Re: What is the best way to do this?

From: Michael Moore <>
Date: Sun, 3 Apr 2011 09:03:22 -0700
Message-ID: <>

Lol Stephane,

You are preaching to the choir here!
However, ultimately this is about making my company more profitable. There are probably over a million lines of code (plsql java, hibernate,struts,php,etc etc) that depend on this ... ahem, how shall I say it ... sub-optimal database structure. The cost of making deep architectural changes would be astronomical. Would it be worth it in the long run? But that's the wrong question. The right question is, How would an expensive re-archetecting project affect next quarter's EBIDTA and ultimately our stock price?

My original thinking on asking this question is that maybe there was some feature of Oracle of which I was not aware. For example, maybe there is a hint that allows 210 varchar2(4000) columns to be context-switched directly into an array more quickly. Probably not, but I figured it couldn't hurt to ask.


On Sun, Apr 3, 2011 at 8:32 AM, Stephane Faroult <>wrote:

> Mike,
> No need to apologize, I didn't spend hours on it. But the problem is
> precisely the scope of what you are allowed to do, and that is a problem
> that is very common.
> <rant>
> I have seen umpteen cases of queries (or processes) that, when seen
> under a magnifier, are absolutely untunable - OK, let's say you can gain 10%
> after hours of testing of obscure parameters or features. But when you see
> that the query that takes the most time on a machine is some kind of "select
> attribute from mega_table where sequence_generated_pk=:1" you know that
> something is seriously wrong with the program and that no amount of "SQL
> tuning" can save you. Many people on this list will tell you the same thing.
> I am flabbergasted by the number of developers who before writing a join
> need to search the web for "SQL tips", and the number of managers who seem
> to believe that "SQL tuning" is something analogous to copy editing. It
> isn't.
> Why not as blatant as the join-in-a-loop, your case is in my eyes very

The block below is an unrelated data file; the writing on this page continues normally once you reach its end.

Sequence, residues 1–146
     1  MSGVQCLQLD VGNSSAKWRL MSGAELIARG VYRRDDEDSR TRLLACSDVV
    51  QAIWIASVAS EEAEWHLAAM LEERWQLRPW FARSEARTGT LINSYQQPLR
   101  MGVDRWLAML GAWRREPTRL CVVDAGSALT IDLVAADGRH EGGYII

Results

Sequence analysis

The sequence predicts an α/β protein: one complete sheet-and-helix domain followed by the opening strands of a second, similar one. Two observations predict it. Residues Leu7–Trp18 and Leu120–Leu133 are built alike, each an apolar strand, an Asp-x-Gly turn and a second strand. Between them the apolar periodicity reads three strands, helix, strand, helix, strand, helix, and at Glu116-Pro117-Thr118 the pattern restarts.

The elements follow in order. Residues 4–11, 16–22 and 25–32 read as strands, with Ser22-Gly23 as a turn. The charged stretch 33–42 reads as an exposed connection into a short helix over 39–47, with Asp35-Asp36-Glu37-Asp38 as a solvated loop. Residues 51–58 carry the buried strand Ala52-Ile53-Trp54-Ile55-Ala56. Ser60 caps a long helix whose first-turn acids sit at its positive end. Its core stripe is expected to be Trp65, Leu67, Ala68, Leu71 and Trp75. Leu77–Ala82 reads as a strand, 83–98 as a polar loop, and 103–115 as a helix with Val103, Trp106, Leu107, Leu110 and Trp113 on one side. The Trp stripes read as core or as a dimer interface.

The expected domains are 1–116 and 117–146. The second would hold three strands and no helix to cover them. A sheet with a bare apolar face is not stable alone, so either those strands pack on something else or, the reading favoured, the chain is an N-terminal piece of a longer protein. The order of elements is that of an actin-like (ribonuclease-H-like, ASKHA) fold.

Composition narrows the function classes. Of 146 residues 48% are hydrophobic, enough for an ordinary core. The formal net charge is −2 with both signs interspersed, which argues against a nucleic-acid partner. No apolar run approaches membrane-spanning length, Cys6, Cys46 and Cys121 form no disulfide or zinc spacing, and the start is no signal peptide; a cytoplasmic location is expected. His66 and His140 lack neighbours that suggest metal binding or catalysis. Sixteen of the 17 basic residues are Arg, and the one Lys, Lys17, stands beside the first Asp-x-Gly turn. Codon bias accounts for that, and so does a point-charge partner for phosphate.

> similar and made worse by a totally twisted data repository (I cannot
> decently call THAT a database). But if you walk up the stack of function
> calls, perhaps one level up, perhaps two level ups, perhaps even more, you
> probably have a big loop (you mentioned a batch) that returns customer ids.
> This is where you need to hit, and hit hard, rethinking what you are given
> as input and what you need to produce in the end. This looks like a case
> where you can have performance gains of one order of magnitude.
> Needless to say, what you'd really need to have is a properly designed
> database, because the SQL that is required to make any sense of what you
> have to work with is probably slightly above the means of a developer with a
> couple of years of experience.
> </rant>
> If I were you I'd renegotiate the scope.
> Stephane Faroult
> RoughSea Ltd <>
> Konagora <>
> RoughSea Channel on Youtube <>
> On 04/03/2011 04:52 PM, Michael Moore wrote:
> Response to Stephane's post which starts:
> " Hmm, looks like one of the hidden reasons ..."
> Stephane,
> I feel a bit guilty that you made such a huge effort. While you solution is
> very clever, it addresses the problem at a level that is beyond the scope of
> what I am allowed to do. Specifically, I am not trying to resolve the
> virtual column names in a given 'where clause'. Instead, my task is to
> receive a single operand (virtual_column_name) and resolve it and then
> return it's value which is stored in the ABC table. I think my April 2nd
> post should make this clear. My apologies for not being more clear from, the
> beginning.
> Regards,
> Mike

Received on Sun Apr 03 2011 - 11:03:22 CDT

Original text of this message